Saber Fencing at Joinville-le-Pont, 1900-1914

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Terrain v. Planche: A brief history of late 19th-century fencing spaces

via Terrain v. Planche: A brief history of late 19th-century fencing spaces

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Duel Boulanger-Floquet, 1888

An American, Chinese and Austrian point of view on a French duel from 1888…

50 Dueling Swords

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Broken water pipe leads to discovery of rusty saber

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Boston Tea and Mad King George: The Six Degrees of Henry Angelo

Patriotism may be the last refuge of scoundrels. But it’s also  one of the great sources of historical irony. The War of 1812 created one such irony, as far as the classical canon of fencing literature is concerned.

This one is quite complex, as indeed anything should be that manages to connect personages as diverse as a prominent member of the Boston Tea Party, Mad King George, the Hessian mercenaries—and the ubiquitous fencing master dynasty of the Angelos in a game that makes the Six Degrees of Kevin Bacon look as one-dimensional as a Partridge Family reunion special… Continue reading

Trick Shot: A two-handed thrust backwards into the thigh from the 1630’s

e0e7bd1d854ce2cae68512538c72febfSome modern martialists spend so much time arguing what the martially-minded duelist of yesteryear would have never done, it would seem that European Martial Arts, especially of the 17th and 18th centuries, was something for ultra-cautious, risk-adverse middle-aged veterans wearing leather soles on a freshly waxed floor while carrying a stack of Wedgwood china. And yet, period literature yields interesting indications that things were not what they seem…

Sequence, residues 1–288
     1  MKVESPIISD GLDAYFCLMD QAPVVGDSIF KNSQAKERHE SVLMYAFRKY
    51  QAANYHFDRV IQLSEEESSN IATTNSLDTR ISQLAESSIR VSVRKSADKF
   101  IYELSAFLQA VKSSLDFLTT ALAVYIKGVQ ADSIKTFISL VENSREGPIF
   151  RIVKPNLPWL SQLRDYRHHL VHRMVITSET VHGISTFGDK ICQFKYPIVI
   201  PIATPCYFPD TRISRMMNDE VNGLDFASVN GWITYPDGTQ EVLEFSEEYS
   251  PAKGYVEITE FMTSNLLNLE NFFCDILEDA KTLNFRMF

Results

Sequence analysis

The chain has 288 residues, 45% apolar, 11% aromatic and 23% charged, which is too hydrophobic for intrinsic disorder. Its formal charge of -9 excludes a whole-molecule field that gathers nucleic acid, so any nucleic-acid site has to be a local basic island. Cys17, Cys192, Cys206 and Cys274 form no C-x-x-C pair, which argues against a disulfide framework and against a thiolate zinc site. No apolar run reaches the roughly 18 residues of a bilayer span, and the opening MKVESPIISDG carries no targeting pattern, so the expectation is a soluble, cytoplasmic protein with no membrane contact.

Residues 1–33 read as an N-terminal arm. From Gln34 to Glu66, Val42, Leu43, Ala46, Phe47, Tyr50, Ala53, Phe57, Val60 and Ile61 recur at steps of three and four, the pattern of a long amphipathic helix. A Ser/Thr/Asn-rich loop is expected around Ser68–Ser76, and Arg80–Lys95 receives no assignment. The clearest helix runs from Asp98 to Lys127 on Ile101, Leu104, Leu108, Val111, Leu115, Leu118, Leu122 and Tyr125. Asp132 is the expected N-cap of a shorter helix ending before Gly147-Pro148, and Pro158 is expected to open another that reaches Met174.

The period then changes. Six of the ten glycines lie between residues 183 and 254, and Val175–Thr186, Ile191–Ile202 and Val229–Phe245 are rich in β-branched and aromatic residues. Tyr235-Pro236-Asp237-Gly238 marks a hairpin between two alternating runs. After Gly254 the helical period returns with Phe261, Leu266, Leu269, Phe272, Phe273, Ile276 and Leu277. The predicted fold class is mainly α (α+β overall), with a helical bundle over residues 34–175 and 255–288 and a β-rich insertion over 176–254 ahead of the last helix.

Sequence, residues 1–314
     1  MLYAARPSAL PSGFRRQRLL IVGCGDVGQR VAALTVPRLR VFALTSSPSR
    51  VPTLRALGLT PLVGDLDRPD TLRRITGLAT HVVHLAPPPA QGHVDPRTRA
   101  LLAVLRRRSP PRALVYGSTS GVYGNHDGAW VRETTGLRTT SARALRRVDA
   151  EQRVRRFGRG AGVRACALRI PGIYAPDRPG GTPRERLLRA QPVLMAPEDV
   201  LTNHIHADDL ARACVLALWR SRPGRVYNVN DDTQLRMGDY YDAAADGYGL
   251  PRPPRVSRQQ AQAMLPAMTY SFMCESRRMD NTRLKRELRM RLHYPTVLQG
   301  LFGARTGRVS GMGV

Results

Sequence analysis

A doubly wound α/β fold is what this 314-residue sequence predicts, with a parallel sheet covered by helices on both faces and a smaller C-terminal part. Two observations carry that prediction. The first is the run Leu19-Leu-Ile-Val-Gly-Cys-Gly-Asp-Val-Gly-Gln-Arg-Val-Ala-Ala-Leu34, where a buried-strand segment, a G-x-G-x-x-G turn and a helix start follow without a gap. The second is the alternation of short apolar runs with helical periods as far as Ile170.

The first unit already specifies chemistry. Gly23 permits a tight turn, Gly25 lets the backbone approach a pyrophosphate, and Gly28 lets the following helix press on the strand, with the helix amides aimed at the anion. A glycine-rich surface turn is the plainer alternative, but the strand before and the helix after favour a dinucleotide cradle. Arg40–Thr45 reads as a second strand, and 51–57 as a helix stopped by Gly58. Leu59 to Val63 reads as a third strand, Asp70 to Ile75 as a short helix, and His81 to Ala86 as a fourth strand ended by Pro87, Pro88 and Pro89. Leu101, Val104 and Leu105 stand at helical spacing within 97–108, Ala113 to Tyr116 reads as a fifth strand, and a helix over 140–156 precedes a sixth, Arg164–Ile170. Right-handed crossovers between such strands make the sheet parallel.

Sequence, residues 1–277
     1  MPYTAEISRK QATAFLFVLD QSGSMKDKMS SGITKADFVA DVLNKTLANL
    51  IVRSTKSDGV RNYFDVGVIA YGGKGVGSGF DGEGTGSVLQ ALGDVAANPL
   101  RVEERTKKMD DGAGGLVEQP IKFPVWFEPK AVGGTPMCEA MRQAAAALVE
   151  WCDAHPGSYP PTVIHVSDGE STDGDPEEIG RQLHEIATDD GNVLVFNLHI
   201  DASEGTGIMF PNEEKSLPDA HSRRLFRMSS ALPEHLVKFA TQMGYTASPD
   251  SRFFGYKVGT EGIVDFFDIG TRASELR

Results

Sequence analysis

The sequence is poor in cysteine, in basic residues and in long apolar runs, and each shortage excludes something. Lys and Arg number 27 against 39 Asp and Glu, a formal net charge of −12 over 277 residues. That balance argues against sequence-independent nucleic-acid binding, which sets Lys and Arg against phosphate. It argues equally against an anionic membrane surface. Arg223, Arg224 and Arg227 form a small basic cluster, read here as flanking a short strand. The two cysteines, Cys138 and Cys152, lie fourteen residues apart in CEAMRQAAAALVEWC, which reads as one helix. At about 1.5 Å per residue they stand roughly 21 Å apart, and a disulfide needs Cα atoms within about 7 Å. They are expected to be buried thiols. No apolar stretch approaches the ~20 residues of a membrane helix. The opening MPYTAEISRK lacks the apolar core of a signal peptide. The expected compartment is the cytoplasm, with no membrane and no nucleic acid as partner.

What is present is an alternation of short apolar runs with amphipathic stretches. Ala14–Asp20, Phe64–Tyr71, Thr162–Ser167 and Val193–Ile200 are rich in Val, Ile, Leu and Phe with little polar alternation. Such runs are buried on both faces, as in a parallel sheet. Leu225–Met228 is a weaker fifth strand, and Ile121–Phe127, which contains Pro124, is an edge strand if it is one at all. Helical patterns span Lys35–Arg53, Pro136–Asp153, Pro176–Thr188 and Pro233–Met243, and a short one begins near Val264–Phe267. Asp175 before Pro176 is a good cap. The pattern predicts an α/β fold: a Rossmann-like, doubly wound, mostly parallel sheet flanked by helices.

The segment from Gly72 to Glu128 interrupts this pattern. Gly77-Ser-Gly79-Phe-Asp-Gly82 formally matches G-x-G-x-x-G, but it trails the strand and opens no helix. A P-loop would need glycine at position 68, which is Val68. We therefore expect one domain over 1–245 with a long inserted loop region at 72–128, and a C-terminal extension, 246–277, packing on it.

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The unfair advantage: The subtle differences in 19th century French dueling épées

aa3Reduced weight.

Upside-down mounted blades.

A a sneakily set handle.

Early attempts in gaining an unfair advantage with épées de combat.

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Last Blood: The grave of the last German student killed in a thrust duel

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The last German student to die as a result of a duel using thrusting swords—not unlike the French épée de combat—was the young jurist Adolph Erdmannsdörffer.

Buried in the village cemetery at Wöllnitz, now integrated into the Thuringia town of Jena, his grave marker recalls him as “das letzte Opfer der Stoßmensur” (the last victim of the thrust Mensur).

The worst part: It was his own fault.

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Caveat emptor: Things in the mirror are smaller than they appear

pariserOn April 1, 2017, FencingClassics gave the people what they wanted: 

FREE unconditional access to a FREE newly discovered resource. 

What it all worth it?

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